Thursday morning Vice-President Joe Biden said on NBC’s Today Show, “I wouldn’t go anywhere in confined places now. It’s not that it’s going to Mexico, it’s [that] you’re in a confined aircraft; when one person sneezes it goes all the way through the aircraft. . .If you’re out in the middle of a field and someone sneezes that’s one thing. If you’re in a closed aircraft. . .it’s a different thing.”
Thank you Joe.
Unfortunately, we all know he’s right. Then again, the same could be said for riding in an elevator.
However, knowing that being in a small confined space with recirculated air for hours is probably not the best place in the world to be if someone in that space has something contagious is not what the airline industry needs to have said by a top government official on television. Not right now.
The Air Transport Association immediately blasted the comments, with CEO Jim May expressing “extreme disappointment at your suggestion that people should avoid air travel.”
The rest of the day, and even this morning, the fallout continued, with other government officials stepping up in an attempt to mitigate the damage, as did Transportation Secretary Ray LaHood late yesterday. LaHood said in a speech that “flying is safe and flying is healthy, and flying to Mexico is safe.”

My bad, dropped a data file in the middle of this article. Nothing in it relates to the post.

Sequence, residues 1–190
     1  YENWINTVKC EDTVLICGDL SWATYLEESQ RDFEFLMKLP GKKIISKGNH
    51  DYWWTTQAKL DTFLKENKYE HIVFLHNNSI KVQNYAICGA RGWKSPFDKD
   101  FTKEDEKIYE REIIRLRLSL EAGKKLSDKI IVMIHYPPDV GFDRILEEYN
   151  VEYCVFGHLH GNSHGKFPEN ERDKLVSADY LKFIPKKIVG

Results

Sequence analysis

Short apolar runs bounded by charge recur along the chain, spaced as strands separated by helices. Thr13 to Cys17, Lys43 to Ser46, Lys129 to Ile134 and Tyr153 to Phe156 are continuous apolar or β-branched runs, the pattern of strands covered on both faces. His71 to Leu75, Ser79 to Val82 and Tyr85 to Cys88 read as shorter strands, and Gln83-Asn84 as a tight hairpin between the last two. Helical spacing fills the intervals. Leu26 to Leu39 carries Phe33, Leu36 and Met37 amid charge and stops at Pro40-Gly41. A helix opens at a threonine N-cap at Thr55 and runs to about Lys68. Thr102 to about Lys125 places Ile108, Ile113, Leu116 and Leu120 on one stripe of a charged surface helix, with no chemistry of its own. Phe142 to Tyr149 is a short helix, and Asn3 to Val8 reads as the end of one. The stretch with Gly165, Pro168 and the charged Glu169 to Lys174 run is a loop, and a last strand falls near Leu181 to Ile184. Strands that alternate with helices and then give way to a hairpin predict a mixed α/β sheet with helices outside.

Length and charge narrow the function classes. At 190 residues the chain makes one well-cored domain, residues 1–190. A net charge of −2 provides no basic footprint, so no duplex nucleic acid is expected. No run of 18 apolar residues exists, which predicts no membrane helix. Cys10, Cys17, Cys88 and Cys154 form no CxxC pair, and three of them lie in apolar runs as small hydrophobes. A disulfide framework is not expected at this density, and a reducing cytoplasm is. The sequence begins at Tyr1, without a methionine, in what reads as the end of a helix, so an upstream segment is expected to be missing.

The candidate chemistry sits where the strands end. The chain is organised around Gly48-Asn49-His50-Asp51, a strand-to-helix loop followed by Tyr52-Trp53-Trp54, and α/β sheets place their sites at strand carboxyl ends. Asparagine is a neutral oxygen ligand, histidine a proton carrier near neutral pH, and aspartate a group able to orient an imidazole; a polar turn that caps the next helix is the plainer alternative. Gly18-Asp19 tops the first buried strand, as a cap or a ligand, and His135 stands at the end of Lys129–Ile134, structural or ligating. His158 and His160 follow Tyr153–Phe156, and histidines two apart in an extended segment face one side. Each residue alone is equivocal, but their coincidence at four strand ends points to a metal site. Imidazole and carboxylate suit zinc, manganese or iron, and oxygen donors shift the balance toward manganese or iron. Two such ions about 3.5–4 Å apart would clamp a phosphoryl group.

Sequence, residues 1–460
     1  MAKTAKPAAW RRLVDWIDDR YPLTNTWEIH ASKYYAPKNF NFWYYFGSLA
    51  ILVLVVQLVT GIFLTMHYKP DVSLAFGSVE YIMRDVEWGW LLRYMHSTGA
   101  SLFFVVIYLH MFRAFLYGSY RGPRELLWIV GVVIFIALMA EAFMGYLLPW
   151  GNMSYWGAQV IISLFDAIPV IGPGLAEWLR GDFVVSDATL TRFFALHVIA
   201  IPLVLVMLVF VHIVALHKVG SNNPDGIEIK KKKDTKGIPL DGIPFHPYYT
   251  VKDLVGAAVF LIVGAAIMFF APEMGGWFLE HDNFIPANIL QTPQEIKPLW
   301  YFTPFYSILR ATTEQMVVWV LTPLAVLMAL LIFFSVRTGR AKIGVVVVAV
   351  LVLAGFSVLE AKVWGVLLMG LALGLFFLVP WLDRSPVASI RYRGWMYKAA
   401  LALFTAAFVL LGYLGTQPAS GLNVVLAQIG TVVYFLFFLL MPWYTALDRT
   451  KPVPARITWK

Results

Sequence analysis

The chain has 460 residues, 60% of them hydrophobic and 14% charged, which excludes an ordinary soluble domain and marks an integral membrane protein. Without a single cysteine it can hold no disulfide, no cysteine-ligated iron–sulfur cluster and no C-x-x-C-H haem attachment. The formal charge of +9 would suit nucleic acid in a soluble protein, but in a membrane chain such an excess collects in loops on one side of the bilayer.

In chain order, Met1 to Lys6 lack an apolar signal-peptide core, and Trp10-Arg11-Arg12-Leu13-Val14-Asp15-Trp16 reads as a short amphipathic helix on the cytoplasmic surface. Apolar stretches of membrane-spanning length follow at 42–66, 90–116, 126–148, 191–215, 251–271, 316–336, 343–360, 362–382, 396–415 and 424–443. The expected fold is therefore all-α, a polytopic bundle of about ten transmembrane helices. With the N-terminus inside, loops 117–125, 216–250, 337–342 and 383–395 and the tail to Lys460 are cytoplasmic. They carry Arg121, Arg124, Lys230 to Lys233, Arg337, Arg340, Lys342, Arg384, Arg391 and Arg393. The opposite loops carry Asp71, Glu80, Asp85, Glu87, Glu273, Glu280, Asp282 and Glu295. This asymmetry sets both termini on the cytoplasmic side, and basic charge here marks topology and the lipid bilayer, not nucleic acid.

Meanwhile, this morning the World Health Organization said that it was not recommending travel restrictions related to the outbreak of the virus. “Limiting travel and imposing travel restrictions would have very little effect on stopping the virus from spreading, but would be highly disruptive to the global community,” WHO said in a statement.
One of the reasons behind this statement? The lessons learned from the hysteria surrounding the SARS encounter. As WHO said in its statement, “Furthermore, although identifying the signs and symptoms of influenza in travellers can be an effective monitoring technique, it is not effective in reducing the spread of influenza as the virus can be transmitted from person to person before the onset of symptoms. Scientific research based on mathematical modelling indicates that restricting travel will be of limited or no benefit in stopping the spread of disease. Historical records of previous influenza pandemics, as well as experience with SARS, have validated this point.”